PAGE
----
Yes but do they mention Bush's name three times [slashdot.org] on every page of their letter?
  • by acvh (120205) <<moc.sragicsm> <ta> <keeg>> on Tuesday July 24, 2007 @05:30PM (#19975743) Homepage
    .....where in the Soviet Union a political officer was attached to just about every governmental agency, department, road crew etc.

    when do we start calling a spade a spade?
    • Re: (Score:2, Informative)

      by MBraynard (653724)
      You know, the USSR had an embassy in Australia. Since the US has an embassy in Australia as well, clearly the US is now a marxist dictatorship. Just calling a spade a spade.

      There needs to be a 'political officer' in every department in the US. Do you know why? Because this is a democracy. People elect leaders who then direct the government through their appointed agents. I presume you prefer that government agencies not be run by agents of an elected official but are instead unaccountable to the people vi

  • by Noryungi (70322) on Tuesday July 24, 2007 @05:31PM (#19975755) Homepage Journal
    Especially when you remember that some of these political appointees were, shall we say, totally unqualified for any job, given their only major was in law from a fundamentalist christian "university". Read (or re-read): "Are We Rome? [salon.com]"

    Dear Americans: please impeach that chimp already (I am trying to stay polite here).

    Dear American Scientists: I hope you'll still be able to work at a (non-federal) University. Good luck.

    Dear Slashdot Republican supporters: please don't bother answering this post. Thank you.
  • Here we go back into the dark ages where the 'Earth Centered Universe' held sway for 1500 years.
  • It's just that the current Administration has all of the subtlety and finesse of California mudslide.
  • by Xeth (614132)
    How about a tenured [wikipedia.org] science ministry, overseeing all research funding and hirings/firings. It seems to work OK for the best research institutions in the world.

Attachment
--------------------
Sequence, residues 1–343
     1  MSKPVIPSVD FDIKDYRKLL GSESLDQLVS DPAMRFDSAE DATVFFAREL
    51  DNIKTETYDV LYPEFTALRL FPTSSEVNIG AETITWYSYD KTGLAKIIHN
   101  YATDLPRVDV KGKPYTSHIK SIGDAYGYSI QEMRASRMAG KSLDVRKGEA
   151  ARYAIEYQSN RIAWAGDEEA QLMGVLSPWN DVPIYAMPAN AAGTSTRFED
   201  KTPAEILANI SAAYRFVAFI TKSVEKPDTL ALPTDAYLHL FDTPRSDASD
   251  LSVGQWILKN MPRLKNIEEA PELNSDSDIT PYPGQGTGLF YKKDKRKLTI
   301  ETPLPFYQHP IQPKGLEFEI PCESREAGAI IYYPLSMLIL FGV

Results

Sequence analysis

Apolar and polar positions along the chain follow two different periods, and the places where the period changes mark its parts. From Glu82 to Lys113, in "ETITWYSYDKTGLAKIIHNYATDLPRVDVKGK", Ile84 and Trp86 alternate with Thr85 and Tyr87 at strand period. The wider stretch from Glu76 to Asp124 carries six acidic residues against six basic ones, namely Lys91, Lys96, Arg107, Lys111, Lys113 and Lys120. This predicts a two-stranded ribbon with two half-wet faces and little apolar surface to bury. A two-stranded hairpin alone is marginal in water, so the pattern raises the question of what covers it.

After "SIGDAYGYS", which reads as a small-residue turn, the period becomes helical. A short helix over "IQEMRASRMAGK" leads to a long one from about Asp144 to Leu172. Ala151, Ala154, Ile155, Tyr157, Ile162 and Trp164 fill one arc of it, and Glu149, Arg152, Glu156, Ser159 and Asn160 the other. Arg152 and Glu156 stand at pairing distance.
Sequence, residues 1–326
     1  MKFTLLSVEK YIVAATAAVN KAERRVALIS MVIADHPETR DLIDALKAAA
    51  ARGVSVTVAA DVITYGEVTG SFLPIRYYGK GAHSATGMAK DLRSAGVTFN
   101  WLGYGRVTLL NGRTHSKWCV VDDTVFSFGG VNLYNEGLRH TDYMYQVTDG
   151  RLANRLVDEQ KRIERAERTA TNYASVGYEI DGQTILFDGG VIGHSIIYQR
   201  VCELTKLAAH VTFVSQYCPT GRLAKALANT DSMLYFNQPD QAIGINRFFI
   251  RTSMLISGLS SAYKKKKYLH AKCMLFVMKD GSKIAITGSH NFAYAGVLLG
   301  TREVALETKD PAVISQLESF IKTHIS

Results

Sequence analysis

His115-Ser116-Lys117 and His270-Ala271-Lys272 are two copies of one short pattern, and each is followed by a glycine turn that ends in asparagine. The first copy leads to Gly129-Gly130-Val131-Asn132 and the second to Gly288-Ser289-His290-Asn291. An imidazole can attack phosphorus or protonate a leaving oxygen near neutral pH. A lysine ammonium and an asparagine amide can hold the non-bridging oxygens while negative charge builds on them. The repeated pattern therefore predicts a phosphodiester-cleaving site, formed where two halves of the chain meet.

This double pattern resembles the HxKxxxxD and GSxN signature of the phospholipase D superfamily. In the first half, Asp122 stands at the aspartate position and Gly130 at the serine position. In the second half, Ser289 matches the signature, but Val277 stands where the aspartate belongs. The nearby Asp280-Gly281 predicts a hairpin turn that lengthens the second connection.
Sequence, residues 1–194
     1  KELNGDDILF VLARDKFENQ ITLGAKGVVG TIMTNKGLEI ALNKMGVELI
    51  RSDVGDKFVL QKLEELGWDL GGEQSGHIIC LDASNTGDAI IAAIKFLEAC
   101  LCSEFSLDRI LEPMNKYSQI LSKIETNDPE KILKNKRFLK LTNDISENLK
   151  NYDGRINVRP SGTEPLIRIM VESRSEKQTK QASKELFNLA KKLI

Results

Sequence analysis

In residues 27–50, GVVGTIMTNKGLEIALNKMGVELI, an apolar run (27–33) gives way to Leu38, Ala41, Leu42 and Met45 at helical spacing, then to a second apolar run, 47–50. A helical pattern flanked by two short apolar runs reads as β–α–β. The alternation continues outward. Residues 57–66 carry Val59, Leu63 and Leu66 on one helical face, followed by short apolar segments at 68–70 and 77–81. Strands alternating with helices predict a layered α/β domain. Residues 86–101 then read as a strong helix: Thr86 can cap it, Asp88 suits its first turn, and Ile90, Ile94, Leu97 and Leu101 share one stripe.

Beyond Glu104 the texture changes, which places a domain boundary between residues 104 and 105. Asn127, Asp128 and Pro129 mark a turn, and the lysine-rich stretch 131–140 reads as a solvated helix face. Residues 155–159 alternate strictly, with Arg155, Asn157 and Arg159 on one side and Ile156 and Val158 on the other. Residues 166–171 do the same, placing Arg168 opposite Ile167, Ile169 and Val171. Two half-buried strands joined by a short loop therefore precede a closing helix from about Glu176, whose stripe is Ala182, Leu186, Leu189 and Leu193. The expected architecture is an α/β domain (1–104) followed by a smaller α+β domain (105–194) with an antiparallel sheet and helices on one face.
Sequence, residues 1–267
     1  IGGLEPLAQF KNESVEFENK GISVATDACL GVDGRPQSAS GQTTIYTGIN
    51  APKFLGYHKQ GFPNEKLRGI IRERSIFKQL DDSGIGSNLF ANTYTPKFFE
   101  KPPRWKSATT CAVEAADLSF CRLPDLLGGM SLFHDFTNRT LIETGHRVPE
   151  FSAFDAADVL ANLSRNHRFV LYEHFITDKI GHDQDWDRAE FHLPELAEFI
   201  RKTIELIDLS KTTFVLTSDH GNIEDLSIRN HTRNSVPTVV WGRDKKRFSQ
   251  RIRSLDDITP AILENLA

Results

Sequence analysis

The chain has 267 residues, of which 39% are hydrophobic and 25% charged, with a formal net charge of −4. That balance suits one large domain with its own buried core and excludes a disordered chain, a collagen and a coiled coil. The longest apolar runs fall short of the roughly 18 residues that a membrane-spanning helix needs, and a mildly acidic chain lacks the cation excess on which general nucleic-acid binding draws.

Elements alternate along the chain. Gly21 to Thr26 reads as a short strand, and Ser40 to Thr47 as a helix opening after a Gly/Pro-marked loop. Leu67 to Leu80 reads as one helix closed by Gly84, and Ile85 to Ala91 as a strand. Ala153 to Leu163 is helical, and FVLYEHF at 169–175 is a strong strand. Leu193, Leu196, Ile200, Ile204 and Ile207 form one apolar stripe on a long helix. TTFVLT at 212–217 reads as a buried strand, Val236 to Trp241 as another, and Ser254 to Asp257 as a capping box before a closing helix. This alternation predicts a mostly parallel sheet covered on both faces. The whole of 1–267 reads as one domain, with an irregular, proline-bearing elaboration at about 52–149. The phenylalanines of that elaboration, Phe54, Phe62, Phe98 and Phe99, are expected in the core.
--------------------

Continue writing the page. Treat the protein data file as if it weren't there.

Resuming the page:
• Government is political.

    More news at 10
  • by StefanJ (88986) on Tuesday July 24, 2007 @05:52PM (#19975975) Homepage Journal
    Graft

    Oubliettes

    and

    Pollution

    (Thanks, Joel!)

    Screenwriter and comic John Rogers wrote a great polemic called "I Miss Republicans," [blogspot.com] ruing the disappearance of practical, technocratic Republicans in favor of the screwball ideologues:

    No, seriously. Remember Republicans? Sober men in suits, pipes, who'd nod thoughtfully over their latest tract on market-driven fiscal conservatism while grinding out the numbers on rocket science. Remember those serious-looking 1950's-1960's science guys in the movies -- Republican to a one.

    They were the grown-ups. They were the realists. Sure they were a bummer, maaaaan, but on the way to La Revolution you need somebody to remember where you parked the car. I was never one (nor a Democrat, really, more an agnostic libertarian big on the social contract, but we don't have a party ...), but I genuinely liked them.

    How did they become the party of fairy dust and make believe? How did they become the anti-science guys? The anti-fact guys? The anti-logic guys?


    Sorry, folks, this isn't "business as usual" or "a pendulum swing" we don't have to worry about because it will swing back. It's the Wedge Strategy. It's Lysenkoism. It's the Ministry of Truth. It's 24 year old college drop-outs micromanaging NASA scientists' press activity.
  • by Doc Ruby (173196) on Tuesday July 24, 2007 @06:02PM (#19976109) Homepage Journal
    We need Congress to impeach Bush/Cheney already. This national nightmare has gone on far too long.
  • Once upon a time... (Score:5, Interesting)

    by NIN1385 (760712) on Tuesday July 24, 2007 @06:02PM (#19976121)
    Once upon a time in a land far far away, I was helping Mr. Nussle record a radio ad that he was recording in response to his candidate attacking him. I watched him go over the script and when he got done reading some of the critical points he just looked at me and rolled his eyes and muttered "Yeah, right." I simply grinned as to not reveal what I really thought of that statement and his character.

    I was very happy the day I was able to cast my vote against him and he lost because I got to see the true side of this man and do something about it. People would be shocked and awed (sorry for the terminology) if they heard half the crap that comes out of these politician's mouthes.